I realize I am different than the Haitian I am examining or interviewing or photographing in that I can leave Haiti anytime. Wilentz says that poverty is not so bad when you can “snap your fingers” and it comes to an end. In other words we can go home when we have had our fill. But Haitians cannot go home when they’ve had their fill. They ARE home. Most are condemned to live here forever.

Living in Haiti should be wonderful, like the Arawak Indians found it to be centuries ago. But the Arawaks lived with dignity and most Haitians do not. Haitian roofs leak and their kids hair is orange and they vomit worms. And so a million Haitians, give or take a few hundred thousand, have left Haiti with visas or on creaking boats. Many have made it big but many are cleaning bathrooms in South Florida airports and hotels. They do the undignified work we won’t do.

Yesterday I was approached at St. Catherine Laboure Hospital in Cite Soleil by a thin man who was walking with a woman. He had the requisite IV in his arm. Haitians firmly believe that getting IV fluid is good for what ails you and it frequently is.
He politely said hello and came over and sat down next to me on the wooden bench in the courtyard of the hospital. He told me his name is Pierre and that he is from a little village named Lilavois located on the outskirts of Port-au-Prince. He said that he had been a carpenter until he got too weak to work. And then he started telling me his medical problems.

While he was talking I noticed that his facial muscles had wasted away, his arms were thin, and his eyes were yellow and sunken. And his abdomen was conspicuously bulging from underneath his t shirt. Thin Haitian men with bulging abdomens are never good. I have seen too many.

Pierre related that he had come to St. Catherine’s because he had severe pain in his abdomen, weight loss, and yellow eyes for about three months.  He said that he was unable to eat and he couldn’t hardly sleep due to pain. He looked like he had been sick for much longer than three months.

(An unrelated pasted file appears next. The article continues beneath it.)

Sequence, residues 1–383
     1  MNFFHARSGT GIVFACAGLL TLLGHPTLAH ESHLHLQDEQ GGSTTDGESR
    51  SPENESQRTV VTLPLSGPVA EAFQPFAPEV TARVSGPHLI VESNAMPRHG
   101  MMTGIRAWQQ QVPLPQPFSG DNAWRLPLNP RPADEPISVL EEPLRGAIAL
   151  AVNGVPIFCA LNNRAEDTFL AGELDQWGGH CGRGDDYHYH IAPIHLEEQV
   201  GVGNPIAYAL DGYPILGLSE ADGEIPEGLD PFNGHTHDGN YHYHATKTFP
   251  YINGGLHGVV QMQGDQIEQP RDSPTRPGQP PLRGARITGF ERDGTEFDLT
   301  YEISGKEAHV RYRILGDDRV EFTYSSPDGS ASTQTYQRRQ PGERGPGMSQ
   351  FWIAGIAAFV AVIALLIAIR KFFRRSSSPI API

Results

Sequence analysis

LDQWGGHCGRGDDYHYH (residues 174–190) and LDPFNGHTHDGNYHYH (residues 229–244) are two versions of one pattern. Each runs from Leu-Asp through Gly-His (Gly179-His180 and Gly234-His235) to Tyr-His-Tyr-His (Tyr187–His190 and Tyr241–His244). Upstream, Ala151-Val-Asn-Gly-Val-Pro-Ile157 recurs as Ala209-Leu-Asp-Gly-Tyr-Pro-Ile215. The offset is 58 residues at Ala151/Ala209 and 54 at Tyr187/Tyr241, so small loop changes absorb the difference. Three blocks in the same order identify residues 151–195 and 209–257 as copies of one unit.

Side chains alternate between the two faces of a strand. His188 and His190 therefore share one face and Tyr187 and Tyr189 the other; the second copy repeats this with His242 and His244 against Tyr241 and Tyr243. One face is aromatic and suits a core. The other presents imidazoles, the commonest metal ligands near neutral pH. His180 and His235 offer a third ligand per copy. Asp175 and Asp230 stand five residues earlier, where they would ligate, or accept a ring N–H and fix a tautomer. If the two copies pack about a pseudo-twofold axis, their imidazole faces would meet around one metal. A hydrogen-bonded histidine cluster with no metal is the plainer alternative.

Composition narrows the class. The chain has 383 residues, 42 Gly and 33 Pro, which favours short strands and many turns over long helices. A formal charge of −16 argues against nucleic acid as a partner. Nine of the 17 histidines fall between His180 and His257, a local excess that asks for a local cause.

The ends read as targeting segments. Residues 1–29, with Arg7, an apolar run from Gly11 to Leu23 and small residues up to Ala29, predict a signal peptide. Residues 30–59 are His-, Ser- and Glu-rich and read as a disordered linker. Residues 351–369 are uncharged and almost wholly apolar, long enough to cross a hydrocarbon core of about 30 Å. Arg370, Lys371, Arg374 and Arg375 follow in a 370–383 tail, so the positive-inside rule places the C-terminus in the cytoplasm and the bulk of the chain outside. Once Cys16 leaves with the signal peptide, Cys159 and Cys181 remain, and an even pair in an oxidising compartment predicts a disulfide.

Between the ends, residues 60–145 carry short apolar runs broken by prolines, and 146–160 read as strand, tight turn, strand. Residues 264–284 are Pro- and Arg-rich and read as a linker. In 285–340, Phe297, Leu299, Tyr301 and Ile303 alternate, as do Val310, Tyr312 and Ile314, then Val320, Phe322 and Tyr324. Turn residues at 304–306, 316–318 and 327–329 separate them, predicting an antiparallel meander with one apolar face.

Pierre told me that he is 48 years old and the lady with him identified herself as Pierre’s sister. She seemed to be a gentle lovely soul and obviously very concerned about her brother.

My heart sank for so many reasons. Was I on the verge of creating pornography like Wilentz describes? Should I even talk to Pierre? I knew he was dying.

We walked into the hospital and Pierre laid down in his hospital bed in the Internal Medicine ward and his sister sat at the end of the bed. There were five patients spread out around the ward. Only five patients in the only hospital in Soleil that serves an area of 250,000 people. There were no doctors on site.

I examined Pierre's protuberant abdomen. When I tapped on his abdomen he had shifting dullness due to excess pathologic fluid moving back and forth. And I gently felt for his liver border. Usually an adult’s liver doesn’t extend further than the lower ribs on the right side. But Pierre’s liver border ran way below his ribs down the right gutter of his abdomen. And his distended liver felt rock hard. 

Lower liver border
(Photo by John Carroll)
I finished my exam and said to myself Pierre has liver cancer and he is definitely finished.  

I reviewed his dossier in a cheap blue plastic folder.  During his two day hospitalization he had been given two types of diuretics to try and decrease the fluid in his abdomen. Some labs had been drawn which showed his bilirubin was high. In other words "something" in his liver was blocking the flow of bile and so the bile regurgitated into his bloodstream and turned his eyes yellow. That "something" was most likely cancer.

What was not on his chart was medication written for pain. Pierre had been given nothing for pain. In thirty years in Haiti I have never seen morphine, demerol, dilaudid, or fentanyl ordered for pain.